SAN ANTONIO — As many as 70,000 children from Honduras, Guatemala and Mexico are crossing the U.S. border without their parents each year.
About 1,100 are temporarily housed at a facility at Lackland Air force Base in San Antonio.
There are several other temporary and permanent resettlement facilities on the border and elsewhere in Texas. But Washington won't talk about where they are located, how many children are involved, or how much is being spent on the program.
From Washington, Kenneth Wolfe of the Administration for Children and Families at the Department of Health and Human Services offered a sparse response to a list of questions this week.
"We don't reveal the names/numbers for regular/permanent shelters," he wrote in an e-mail to News 8. "The staffing ratio is one employee for every 12 children. We have several contractors around the country."
Wolfe did not return follow-up phone calls.
The agency running the program in San Antonio won't talk about it, either.
But at a motel near Lackland Air Force Base, busloads of government subcontractors board day and night to take care of what are now known as "Unaccompanied Alien Children."
"Every night, there's about 300 to 400 kids that come in without parents. This is just in the lower Rio Grande Valley," said Rep. Henry Cuellar (D-Laredo).
Cuellar has been concerned about kids crossing the border without parents for some time.
Lately, he says, the problem has gotten worse.
On Wednesday, his office released photos to WFAA of kids in a cage at a federal Customs and Border Protection facility. The photos — which were leaked to his office by someone concerned about the living conditions there — show a system choked with children.
Cuellar's office would not identify the location of the facility to protect the source of the photos.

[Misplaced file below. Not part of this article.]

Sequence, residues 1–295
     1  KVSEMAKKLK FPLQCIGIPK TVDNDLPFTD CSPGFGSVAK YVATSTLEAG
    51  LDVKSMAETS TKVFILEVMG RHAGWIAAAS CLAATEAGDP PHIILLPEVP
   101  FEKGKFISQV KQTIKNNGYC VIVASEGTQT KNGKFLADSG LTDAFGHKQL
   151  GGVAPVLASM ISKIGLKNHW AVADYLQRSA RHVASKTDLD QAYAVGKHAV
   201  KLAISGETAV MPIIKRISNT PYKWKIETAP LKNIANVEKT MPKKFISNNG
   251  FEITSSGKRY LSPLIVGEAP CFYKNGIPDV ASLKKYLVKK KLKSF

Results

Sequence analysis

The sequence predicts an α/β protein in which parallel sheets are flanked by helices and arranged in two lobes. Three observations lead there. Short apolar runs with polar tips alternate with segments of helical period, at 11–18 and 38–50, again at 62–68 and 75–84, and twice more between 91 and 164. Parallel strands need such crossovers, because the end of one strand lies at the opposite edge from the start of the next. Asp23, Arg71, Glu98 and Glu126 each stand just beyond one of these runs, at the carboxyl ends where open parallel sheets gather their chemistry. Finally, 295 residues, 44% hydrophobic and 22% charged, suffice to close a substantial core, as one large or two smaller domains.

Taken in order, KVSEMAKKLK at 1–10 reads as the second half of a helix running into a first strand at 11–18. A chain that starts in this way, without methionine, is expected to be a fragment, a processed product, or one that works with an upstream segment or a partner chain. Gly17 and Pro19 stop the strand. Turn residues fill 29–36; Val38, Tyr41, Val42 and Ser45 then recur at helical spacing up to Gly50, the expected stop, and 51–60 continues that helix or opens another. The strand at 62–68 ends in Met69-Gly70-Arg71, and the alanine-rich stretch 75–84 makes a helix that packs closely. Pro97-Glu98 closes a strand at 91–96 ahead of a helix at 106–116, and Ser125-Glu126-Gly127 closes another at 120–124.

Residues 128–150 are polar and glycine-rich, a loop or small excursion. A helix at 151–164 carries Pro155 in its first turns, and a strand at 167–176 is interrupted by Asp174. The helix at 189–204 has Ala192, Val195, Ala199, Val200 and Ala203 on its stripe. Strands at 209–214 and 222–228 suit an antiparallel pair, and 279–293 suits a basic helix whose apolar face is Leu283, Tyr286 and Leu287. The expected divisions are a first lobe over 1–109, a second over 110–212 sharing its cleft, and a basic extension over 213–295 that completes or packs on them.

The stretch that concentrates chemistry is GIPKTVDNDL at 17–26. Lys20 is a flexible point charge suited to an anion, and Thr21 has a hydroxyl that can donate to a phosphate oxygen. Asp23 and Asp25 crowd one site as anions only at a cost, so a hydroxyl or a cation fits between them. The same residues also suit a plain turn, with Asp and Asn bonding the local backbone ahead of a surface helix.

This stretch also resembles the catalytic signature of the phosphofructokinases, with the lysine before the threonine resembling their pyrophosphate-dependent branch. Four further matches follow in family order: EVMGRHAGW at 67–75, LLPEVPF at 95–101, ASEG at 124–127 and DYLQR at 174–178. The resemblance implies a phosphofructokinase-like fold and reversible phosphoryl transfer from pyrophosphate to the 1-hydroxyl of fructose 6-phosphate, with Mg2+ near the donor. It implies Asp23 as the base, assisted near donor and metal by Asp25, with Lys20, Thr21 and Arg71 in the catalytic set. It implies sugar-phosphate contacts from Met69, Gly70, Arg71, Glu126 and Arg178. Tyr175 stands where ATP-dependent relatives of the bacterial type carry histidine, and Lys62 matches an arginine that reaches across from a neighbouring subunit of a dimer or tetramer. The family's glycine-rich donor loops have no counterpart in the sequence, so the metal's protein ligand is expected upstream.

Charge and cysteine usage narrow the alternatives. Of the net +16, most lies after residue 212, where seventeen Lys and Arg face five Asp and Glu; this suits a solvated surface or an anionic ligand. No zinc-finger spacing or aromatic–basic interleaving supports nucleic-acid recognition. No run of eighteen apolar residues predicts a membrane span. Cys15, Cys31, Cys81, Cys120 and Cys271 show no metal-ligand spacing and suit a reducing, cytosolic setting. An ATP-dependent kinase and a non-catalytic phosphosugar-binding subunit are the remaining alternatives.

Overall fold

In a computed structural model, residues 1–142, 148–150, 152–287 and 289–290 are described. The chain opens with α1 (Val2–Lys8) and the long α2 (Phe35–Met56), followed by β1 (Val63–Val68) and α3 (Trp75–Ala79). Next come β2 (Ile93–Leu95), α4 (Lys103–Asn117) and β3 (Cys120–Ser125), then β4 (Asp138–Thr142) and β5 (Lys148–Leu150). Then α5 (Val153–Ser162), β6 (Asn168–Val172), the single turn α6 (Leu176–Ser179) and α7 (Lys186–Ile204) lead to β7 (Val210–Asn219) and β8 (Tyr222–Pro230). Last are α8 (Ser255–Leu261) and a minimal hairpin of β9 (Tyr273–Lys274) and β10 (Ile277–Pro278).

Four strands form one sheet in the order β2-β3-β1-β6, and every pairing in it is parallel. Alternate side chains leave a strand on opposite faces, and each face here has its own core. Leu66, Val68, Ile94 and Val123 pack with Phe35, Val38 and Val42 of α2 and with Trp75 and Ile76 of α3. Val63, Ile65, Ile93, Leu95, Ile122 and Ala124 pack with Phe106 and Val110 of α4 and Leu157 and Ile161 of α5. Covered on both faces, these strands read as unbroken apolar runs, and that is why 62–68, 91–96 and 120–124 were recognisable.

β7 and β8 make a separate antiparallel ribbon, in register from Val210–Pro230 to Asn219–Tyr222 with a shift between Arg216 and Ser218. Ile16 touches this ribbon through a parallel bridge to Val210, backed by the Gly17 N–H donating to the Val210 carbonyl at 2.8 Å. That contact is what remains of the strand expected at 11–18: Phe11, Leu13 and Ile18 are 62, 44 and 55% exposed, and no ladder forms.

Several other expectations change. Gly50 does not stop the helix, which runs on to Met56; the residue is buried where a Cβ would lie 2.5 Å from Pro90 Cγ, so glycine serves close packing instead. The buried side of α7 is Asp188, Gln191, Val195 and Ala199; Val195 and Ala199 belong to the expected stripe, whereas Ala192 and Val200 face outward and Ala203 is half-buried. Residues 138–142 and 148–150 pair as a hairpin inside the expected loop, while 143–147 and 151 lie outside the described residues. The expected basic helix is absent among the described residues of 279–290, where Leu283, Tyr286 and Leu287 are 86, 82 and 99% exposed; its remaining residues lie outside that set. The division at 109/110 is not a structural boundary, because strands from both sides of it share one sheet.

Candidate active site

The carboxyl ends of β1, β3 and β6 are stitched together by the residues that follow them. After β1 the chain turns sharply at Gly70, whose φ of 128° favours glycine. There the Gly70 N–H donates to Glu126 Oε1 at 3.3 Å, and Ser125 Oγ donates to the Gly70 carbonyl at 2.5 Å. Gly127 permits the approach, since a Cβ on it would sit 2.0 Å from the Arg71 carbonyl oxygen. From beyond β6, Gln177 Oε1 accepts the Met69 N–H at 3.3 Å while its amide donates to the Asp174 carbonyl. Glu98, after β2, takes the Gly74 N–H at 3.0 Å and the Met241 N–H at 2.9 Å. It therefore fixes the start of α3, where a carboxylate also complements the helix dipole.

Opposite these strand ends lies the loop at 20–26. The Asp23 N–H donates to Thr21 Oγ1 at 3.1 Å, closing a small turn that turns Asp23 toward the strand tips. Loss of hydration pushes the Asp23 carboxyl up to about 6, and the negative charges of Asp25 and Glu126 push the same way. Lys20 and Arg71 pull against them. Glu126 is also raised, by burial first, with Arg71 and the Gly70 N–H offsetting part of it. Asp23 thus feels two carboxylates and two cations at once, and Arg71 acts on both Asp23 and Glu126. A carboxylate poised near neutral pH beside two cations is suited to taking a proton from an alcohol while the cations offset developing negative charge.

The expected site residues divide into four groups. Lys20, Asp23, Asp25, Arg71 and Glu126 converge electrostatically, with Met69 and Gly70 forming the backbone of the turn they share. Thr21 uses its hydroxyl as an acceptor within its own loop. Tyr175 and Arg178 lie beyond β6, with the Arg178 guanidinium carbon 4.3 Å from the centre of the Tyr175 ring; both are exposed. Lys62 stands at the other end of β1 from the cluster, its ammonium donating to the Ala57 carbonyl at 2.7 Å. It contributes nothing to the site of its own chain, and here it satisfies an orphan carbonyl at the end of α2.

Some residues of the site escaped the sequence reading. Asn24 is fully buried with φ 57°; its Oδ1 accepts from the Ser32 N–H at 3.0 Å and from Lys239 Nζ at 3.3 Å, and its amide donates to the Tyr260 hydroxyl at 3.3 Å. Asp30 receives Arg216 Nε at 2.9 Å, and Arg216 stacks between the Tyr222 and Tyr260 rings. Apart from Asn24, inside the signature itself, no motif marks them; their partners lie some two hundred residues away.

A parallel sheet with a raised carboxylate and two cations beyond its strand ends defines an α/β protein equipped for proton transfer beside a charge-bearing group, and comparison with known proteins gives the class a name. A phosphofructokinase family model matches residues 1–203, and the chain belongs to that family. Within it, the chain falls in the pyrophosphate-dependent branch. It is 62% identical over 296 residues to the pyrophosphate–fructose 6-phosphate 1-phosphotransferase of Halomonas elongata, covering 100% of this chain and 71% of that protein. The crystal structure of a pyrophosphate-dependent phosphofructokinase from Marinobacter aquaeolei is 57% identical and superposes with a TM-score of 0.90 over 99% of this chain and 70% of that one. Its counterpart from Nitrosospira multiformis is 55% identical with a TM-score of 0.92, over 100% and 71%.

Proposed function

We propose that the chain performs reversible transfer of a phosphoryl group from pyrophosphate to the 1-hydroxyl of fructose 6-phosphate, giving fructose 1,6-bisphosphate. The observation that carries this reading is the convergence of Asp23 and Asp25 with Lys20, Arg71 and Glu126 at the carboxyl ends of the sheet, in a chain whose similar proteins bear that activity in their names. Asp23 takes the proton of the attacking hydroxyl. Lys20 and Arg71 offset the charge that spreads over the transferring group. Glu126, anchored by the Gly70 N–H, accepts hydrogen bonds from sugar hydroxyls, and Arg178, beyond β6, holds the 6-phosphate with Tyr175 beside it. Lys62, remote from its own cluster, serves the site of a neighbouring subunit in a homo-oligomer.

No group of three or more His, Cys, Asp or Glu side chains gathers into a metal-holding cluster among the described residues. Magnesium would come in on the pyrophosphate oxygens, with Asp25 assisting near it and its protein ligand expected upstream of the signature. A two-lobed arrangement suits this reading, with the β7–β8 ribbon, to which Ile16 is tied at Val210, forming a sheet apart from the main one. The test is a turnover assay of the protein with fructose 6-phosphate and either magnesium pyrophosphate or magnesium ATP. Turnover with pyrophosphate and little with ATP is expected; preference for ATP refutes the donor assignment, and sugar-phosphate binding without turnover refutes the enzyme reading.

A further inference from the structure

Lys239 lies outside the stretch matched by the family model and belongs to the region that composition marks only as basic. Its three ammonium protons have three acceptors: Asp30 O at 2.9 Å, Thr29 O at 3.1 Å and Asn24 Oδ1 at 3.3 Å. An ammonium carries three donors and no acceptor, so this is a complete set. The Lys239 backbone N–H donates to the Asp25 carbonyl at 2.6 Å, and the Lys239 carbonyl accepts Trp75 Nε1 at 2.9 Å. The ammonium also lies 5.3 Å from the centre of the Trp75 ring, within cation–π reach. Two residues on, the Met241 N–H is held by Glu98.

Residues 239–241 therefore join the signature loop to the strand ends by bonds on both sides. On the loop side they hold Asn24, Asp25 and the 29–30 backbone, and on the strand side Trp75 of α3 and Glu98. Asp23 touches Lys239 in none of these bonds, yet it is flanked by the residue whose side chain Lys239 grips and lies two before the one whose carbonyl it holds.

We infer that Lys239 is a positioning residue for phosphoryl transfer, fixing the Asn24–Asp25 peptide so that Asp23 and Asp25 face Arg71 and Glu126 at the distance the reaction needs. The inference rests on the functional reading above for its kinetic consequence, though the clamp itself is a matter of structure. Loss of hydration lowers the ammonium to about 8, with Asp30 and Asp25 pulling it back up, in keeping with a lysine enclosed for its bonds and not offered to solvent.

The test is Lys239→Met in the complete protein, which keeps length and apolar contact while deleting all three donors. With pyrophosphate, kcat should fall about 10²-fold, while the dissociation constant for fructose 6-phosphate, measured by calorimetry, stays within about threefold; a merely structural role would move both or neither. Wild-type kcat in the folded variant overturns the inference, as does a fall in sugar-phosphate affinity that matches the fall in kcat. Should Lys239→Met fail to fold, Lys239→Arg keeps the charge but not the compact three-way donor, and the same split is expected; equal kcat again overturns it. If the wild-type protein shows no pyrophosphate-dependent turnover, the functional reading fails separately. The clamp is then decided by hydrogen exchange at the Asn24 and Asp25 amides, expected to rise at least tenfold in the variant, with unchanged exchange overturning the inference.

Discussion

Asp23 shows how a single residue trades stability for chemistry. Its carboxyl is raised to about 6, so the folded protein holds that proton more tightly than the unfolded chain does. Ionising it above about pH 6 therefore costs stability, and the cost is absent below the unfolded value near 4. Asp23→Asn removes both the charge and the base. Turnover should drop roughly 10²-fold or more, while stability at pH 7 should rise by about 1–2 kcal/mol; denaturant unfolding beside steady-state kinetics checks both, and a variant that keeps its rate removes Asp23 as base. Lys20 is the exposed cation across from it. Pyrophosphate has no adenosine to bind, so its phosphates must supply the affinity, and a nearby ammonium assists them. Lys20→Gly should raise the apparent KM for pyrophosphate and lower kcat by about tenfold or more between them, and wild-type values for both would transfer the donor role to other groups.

In San Antonio, the program is being handled through Baptist Children's Financial Services, News 8 has learned. BCFS is a non-profit agency that contracts with the state to provide disaster relief.
Taxpayers are footing the bill for the refugee relocation program.
BCFS hires workers through a medical staffing company called Favorite Staffing, but most of the employees are not hired for their medical skills. They watch the children in roughly 12-hour shifts and are paid $18 an hour.
Workers we talked to said the children are being well cared for, in a structured program that includes three meals a day.
But some kids — who are defined as those aged 18 and under — are coming across the border with health problems such as scabies and head lice, those familiar with the situation say.
Cuellar said Washington has been hiding from the problem.
"The problem with the administration is they don't want to give information," he told News 8. "In fact, there's times when they don't want to give information to members of Congress. It's almost like they don't want the American public to know about the situation. But I think taxpayers need to know what is going on, and this is one of the reasons why I'm talking about this."
Cuellar announced Wednesday that the House Appropriations Committee approved spending an additional $78 million to address the wave of migrant children crossing into the United States.
In an atmosphere of highly-charged immigration debate, this is a hot potato for both parties. But the message from Washington on the specifics of refugee resettlement seems to be clear: "We're not going to tell, so don't ask."